Veeraswamy echoed this notion of a Hindu sacred land, in referring to the entire subcontinent, from the southernmost tip to the north, as comprising one "country." "This country," which, to use his words, "forms a part of 'Brahmandam' from Kanyakumari [in the south] to Kashmir [in the north] is the best Karma Bhoomi; Rama and Krishna and other Avatars [reincarnations] of the Lord are manifested here." That is, his "country," a distinct land ("bhoomi," or bhumi) shaped by karma constituted a part of Brahmandam, the universe that according to Hindu mythology had originated from a primordial egg. Thus, he was puzzled at the existence of differences "in the food habits, image-worship, courage and others[,] etc." between the people of the north and the south because in his mind the "country. . . [was] historically one according to the Smritis, Srutis and Puranas."[134]

Religious considerations also underlay his critique of British missionary efforts "to convert the Hindus to Christianity in order to save

[132] Gold, FruitfulJourneys , p . 1 .

[133] David G. Mandelbaum, SocietyinIndia , vol. 2, ChangeandContinuity (Berkeley and Los Angeles: University of California Press, 1970), p. 401.

[134] Veeraswamy, Journal , pp. 70, 109, 26; also pp. 6, 36, 54, 62, 70.


them from the supposed doom." These efforts aroused the "hostile feeling to Europeans" apparently encountered by missionaries in the city of Patna. On the whole, though, his assessment of his masters was positive: he pronounced them "just, in their rule[,] and by the grace of God they are gaining His favour day by day." It was certainly positive in contrast to his view that the "Mohammadan race" was responsible for wreaking destruction on the temples of such sacred places as Prayag (Allahabad) and Kashi. Consequently, he says they succeeded in converting "not one in [a] thousand" to Islam. Whereas "Hindus gradually avoided Muslims," Christianity, he states, gained a measure of success through the "clever tactics of the English.. . . That which is not possible by valour is possibly [sic] by contrivance[,] is the principle adopted by the British[;] and they gradually took into their religion that section of the community which enjoyed the least status in society and preached the glories of Christianity to them who are ignorant of the intricate religious actions."[135]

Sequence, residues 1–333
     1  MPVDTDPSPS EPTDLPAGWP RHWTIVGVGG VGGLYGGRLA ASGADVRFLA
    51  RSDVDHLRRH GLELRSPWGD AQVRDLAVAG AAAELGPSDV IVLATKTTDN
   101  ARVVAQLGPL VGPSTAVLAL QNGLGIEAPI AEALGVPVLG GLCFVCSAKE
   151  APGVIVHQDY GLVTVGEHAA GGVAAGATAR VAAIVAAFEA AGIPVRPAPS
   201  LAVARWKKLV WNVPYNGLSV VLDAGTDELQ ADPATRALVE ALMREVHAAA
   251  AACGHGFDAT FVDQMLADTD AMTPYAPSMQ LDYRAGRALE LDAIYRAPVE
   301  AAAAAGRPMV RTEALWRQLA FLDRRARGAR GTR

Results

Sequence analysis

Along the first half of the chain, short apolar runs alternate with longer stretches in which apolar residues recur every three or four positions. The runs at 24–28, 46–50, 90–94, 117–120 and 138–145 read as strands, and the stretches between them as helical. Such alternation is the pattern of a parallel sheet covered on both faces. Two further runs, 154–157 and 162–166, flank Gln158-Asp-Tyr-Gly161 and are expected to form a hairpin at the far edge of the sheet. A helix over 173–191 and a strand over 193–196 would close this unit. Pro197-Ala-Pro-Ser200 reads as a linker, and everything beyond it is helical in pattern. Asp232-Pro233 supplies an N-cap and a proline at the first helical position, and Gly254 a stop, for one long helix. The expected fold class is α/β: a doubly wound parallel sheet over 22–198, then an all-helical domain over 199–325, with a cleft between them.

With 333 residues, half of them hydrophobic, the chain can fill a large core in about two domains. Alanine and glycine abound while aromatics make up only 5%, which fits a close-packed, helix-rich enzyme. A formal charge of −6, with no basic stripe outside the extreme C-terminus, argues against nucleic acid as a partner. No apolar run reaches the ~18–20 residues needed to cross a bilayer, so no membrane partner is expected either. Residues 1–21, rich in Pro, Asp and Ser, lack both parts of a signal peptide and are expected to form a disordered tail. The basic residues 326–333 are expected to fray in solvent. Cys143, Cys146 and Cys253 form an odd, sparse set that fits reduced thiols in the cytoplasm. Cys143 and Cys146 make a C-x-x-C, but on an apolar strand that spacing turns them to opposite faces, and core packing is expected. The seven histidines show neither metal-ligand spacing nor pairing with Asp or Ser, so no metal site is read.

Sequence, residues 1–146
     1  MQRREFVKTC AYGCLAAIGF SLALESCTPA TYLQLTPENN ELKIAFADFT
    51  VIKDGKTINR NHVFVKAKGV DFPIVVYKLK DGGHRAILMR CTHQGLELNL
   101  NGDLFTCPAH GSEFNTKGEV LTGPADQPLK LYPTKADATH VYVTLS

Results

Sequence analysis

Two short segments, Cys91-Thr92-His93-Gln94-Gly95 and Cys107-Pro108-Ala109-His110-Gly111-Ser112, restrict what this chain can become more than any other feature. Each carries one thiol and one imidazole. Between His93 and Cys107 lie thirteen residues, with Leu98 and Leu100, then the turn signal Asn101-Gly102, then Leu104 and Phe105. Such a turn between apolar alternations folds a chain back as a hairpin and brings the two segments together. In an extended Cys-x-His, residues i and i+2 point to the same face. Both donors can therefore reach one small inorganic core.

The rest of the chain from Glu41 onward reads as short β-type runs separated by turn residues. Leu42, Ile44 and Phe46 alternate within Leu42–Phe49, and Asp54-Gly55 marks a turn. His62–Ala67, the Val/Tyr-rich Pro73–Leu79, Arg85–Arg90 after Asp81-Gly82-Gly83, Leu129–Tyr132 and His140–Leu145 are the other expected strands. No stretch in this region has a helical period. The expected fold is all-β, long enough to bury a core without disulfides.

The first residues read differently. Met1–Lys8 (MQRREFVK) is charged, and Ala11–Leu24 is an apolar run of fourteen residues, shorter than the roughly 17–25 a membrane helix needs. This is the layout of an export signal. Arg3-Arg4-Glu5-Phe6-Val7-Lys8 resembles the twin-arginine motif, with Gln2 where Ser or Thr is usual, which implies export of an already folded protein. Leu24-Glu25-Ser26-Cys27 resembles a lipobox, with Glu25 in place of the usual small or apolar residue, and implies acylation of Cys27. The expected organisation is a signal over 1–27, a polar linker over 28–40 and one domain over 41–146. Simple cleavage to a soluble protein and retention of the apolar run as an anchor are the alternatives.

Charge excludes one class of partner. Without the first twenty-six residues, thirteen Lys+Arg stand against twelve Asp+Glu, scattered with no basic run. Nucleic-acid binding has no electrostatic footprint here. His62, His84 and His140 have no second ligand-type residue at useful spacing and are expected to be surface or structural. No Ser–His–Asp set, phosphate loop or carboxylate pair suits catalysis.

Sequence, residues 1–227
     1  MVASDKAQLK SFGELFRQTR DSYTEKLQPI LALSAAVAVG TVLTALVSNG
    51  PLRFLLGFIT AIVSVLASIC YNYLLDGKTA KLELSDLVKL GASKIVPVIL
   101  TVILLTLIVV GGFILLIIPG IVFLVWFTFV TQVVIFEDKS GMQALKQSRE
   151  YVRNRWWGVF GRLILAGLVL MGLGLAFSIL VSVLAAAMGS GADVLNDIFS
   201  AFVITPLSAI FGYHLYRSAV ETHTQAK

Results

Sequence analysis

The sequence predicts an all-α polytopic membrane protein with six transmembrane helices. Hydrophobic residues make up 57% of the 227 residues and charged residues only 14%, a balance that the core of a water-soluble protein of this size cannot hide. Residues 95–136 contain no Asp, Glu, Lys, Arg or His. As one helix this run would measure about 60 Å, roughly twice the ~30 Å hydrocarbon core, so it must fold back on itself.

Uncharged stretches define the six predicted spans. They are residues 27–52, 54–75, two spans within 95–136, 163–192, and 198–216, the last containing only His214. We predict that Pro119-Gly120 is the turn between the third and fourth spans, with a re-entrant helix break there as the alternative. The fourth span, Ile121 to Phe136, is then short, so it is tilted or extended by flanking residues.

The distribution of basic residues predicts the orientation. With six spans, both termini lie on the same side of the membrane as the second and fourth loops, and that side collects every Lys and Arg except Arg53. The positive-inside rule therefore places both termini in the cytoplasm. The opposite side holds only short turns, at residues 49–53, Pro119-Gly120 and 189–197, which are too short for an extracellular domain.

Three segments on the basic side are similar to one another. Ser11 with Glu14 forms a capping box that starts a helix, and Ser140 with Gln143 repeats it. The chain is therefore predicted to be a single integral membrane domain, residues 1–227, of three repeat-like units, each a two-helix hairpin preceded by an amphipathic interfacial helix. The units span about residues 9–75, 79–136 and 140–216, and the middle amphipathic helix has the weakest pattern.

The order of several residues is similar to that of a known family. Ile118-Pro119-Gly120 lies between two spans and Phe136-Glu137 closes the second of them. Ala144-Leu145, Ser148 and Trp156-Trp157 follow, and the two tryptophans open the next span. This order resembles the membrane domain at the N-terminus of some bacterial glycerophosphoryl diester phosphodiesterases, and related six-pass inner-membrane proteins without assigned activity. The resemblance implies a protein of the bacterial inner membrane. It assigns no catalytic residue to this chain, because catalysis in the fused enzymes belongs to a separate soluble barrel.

Notwithstanding his tirades against Muslims and his seemingly favorable sentiments regarding the "English," he differentiated himself and his ilk from the British, because they possessed a different culture. Moreover, on at least one occasion, when he was in Hyderabad during the Muslim festival of Mohurrum, he minimized religious differences. In fact he observed that the "Lord's manifestation is evident in abundance in the city and attracts thousands of people including people of other religions who stay here from the ninth day to the last day of the festival. The Lord accepts the varying modes of worship of his children.. . . Accordingly I thought I had entered a sacred place at this time and was thankful to the Lord."[136] Contrast this with his designation of the British as "phirangis," a pejorative he used to set them apart from his Hindu countrymen as the "Other." Of Persian origin, this term referred "(especially in the South) specifically to the Indian-born Portuguese, or, when used more generally, for 'European,' implies something of hostility or disparagement."[137]

As Veeraswamy's ruminations about his "native place" and the "country" as a whole disclose, his pilgrimage prompted him to reflect on questions of identity and community: what people shared in common and what made them different communities. Such notions, more-

[135] Ibid., p. 186; MadrasAlmanacfor1830 (Madras: Asylum Press, 1830), p. 282.

[136] Veeraswamy, Journal , p. 24.

[137] Hobson-Jobson , p. 353; Veeraswamy, Journal , pp. 26, 186.